Occupational Asthma Reference

Vandenplas O, Cartier A, Lesage J, Cloutier Y, Perreault G, Grammer LC, Shaughnessy MA, Malo JL, Prepolymers of hexamethylene diisocyanate as a cause of occupational asthma, J Allergy Clin Immunol, 1993;91:850-861,

Keywords: oa, isocyanate, HDI, paint, isocyanate prepolymer, ch, key, br, IgE, HDI prepolymer, update

Known Authors

André Cartier, Hôpital de Sacré Coeur, Montreal, Quebec, Canada André Cartier

Olivier Vandenplas, Universite Mont-Goginne, Yvoir Olivier Vandenplas

Jean-Luc Malo, Hôpital de Sacré Coeur, Montreal, Quebec, Canada Jean-Luc Malo

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Abstract

BACKGROUND
Occupational asthma (OA) caused by products that contain hexamethylene diisocyanate (HDI) has been ascribed to the highly volatile monomer of HDI. Most two-component paints are now made up primarily of nonvolatile prepolymers of HDI (30% to 60%) with only trace amounts (: 0.1%) of the monomer. The respective role of the two chemical forms of HDI in causing OA has never been investigated.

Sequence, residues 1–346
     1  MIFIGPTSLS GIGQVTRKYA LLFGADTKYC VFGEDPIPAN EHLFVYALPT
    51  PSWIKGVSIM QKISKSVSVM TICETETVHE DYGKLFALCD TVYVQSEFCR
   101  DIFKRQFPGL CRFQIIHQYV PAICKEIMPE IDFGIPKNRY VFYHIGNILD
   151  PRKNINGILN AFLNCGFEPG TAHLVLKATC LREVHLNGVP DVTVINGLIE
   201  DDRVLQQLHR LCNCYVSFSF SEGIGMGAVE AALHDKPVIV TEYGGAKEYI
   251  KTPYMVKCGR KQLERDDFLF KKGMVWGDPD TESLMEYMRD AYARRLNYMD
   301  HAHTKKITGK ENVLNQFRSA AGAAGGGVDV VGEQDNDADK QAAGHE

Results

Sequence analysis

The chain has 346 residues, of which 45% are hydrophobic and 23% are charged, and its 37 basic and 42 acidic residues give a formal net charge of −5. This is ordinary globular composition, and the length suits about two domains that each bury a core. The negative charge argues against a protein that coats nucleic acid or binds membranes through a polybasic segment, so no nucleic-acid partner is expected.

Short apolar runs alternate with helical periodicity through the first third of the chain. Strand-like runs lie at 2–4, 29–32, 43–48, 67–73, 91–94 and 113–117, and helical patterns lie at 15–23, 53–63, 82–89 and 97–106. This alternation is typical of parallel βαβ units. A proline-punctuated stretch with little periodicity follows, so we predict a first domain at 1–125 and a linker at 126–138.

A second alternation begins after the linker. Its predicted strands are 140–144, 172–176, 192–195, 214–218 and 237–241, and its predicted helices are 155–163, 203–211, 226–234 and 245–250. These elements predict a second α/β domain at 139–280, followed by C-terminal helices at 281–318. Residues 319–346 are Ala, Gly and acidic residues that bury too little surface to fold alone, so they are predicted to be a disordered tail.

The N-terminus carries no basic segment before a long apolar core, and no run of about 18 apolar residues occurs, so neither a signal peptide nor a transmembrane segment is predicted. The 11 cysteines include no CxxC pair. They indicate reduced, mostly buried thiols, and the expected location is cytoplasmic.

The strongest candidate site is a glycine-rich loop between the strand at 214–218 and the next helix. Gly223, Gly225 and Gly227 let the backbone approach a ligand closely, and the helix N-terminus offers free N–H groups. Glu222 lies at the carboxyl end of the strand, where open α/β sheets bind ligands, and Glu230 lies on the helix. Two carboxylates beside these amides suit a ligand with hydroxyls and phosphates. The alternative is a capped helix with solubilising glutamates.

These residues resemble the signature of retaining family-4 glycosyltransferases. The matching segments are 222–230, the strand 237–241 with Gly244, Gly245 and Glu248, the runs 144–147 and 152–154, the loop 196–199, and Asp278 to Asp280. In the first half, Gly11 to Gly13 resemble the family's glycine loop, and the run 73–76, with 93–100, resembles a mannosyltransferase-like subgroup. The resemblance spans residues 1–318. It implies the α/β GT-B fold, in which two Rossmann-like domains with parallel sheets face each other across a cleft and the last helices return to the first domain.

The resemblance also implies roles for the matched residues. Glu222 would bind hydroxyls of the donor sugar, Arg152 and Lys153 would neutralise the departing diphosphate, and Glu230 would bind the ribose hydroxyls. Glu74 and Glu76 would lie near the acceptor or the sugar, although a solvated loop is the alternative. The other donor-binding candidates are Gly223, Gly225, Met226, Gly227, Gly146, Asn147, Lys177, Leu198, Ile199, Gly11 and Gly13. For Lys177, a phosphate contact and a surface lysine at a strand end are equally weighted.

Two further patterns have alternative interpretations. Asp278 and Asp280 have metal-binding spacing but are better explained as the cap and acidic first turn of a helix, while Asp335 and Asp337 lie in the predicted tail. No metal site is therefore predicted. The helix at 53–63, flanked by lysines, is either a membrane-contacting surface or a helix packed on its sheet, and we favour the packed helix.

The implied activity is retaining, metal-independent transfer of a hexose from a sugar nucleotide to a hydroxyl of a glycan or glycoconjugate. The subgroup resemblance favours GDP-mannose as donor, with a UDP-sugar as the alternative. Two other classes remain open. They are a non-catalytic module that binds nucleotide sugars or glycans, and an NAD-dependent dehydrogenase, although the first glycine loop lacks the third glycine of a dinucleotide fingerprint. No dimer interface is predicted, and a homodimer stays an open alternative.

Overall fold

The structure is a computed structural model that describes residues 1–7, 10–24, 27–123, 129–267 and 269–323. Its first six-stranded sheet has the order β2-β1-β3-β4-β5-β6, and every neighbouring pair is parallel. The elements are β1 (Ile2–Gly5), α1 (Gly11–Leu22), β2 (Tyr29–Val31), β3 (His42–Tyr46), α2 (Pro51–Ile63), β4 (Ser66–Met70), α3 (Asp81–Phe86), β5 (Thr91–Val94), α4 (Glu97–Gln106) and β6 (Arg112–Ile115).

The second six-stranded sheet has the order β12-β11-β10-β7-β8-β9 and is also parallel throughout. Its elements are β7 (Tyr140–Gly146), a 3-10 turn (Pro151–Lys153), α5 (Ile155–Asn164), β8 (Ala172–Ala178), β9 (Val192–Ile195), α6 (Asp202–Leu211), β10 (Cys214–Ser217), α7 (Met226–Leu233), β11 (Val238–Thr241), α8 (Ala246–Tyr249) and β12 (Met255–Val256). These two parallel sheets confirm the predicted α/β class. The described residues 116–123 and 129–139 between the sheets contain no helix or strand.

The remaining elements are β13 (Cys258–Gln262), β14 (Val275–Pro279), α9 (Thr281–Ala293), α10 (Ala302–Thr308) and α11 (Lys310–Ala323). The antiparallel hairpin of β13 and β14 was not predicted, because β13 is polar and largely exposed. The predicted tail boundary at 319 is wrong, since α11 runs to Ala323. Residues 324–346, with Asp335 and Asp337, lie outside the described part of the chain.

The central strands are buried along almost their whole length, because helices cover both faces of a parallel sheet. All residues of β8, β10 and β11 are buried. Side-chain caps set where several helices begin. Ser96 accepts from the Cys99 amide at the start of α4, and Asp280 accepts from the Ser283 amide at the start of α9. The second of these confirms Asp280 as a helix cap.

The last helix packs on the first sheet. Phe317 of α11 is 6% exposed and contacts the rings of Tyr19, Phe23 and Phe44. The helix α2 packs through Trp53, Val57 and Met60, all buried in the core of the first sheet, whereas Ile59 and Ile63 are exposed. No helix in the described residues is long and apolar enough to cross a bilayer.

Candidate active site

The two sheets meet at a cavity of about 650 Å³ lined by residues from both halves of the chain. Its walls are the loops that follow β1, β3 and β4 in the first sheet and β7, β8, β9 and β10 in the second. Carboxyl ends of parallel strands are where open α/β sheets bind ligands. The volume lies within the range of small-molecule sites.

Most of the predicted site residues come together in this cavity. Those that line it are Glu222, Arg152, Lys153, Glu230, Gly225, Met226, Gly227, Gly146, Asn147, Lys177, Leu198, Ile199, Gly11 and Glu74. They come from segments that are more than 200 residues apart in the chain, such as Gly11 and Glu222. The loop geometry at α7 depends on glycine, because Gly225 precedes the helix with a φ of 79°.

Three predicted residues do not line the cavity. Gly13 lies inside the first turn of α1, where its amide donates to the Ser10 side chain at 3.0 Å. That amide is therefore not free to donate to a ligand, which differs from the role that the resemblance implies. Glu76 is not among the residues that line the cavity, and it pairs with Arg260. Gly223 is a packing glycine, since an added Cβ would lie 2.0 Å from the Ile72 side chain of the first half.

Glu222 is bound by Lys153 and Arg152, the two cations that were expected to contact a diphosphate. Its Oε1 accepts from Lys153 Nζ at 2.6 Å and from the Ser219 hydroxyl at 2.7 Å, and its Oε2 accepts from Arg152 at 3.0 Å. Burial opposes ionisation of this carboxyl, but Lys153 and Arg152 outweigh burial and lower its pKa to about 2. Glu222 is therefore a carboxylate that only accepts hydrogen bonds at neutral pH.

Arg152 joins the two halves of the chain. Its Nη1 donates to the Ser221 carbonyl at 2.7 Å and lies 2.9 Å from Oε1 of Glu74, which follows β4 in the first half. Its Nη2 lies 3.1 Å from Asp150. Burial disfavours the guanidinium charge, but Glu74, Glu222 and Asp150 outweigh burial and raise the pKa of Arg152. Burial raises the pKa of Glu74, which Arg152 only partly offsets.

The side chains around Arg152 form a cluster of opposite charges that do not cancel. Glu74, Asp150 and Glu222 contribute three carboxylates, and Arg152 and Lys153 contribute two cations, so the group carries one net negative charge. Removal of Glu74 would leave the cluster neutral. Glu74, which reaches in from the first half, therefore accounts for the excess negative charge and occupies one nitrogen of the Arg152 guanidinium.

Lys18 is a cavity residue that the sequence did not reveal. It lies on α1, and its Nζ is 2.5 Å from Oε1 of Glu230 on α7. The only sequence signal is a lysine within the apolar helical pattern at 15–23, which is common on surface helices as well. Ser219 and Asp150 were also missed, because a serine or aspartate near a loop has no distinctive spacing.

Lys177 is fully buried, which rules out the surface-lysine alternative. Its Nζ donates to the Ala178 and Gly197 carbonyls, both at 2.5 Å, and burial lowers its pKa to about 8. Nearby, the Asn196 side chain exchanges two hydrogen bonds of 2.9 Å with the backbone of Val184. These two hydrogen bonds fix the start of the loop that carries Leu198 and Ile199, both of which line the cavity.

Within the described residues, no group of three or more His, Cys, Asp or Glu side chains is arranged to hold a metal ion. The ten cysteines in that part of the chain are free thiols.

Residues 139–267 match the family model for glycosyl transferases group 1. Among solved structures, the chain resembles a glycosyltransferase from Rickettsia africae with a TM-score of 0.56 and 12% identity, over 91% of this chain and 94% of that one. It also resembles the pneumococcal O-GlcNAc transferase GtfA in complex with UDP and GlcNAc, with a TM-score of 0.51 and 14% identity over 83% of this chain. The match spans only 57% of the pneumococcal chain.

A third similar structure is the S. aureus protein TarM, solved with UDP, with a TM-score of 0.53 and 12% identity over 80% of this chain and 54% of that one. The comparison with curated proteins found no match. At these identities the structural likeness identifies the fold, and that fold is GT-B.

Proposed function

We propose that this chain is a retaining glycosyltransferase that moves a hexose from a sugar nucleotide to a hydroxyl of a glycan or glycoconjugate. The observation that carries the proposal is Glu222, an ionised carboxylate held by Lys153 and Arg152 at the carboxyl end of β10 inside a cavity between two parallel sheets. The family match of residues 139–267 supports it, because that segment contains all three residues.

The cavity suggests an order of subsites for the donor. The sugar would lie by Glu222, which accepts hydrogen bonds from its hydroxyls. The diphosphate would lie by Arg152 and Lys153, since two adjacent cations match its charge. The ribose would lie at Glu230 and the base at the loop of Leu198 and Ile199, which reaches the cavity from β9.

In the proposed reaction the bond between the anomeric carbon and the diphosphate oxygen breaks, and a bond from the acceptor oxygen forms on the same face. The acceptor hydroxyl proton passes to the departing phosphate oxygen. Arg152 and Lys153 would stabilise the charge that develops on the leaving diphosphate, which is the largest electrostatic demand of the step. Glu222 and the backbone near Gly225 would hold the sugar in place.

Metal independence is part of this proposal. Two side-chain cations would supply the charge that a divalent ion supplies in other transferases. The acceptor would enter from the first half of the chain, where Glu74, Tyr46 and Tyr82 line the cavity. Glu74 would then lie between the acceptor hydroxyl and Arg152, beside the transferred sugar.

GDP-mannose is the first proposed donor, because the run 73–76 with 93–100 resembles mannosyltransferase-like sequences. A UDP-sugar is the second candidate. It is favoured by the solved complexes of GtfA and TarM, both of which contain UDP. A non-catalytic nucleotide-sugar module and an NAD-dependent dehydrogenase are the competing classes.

METHODS
Twenty workers who were consecutively referred for possible OA that resulted from exposure to spray paints underwent inhalation challenges on separate days with pure HDI monomer and the commercial formulation of HDI prepolymers to which they had been exposed at work.

RESULTS
Specific inhalation challenges elicited a positive asthmatic reaction in 10 of the 20 subjects. Among these subjects, four had positive bronchial reactions (two early, one late, and one dual) to both the monomer and the prepolymers. Four other subjects had asthmatic reactions (two early, one late, and one dual) after exposure to the prepolymers but not after exposure to the monomer. The discordance in bronchial response elicited by the monomer and the prepolymers could not be due to differences in the level of baseline nonspecific bronchial reactivity or in HDI concentrations during the tests. One subject showed an atypical progressive reaction after exposure to the monomer but not after exposure to the prepolymer. In this case, the discordant response could be explained by differences in HDI concentration.

CONCLUSION
These observations show that, although they are nonvolatile, the prepolymers of HDI can induce OA and that asthmatic reactions as a result of exposure to prepolymers but not the monomer is not a rare occurrence

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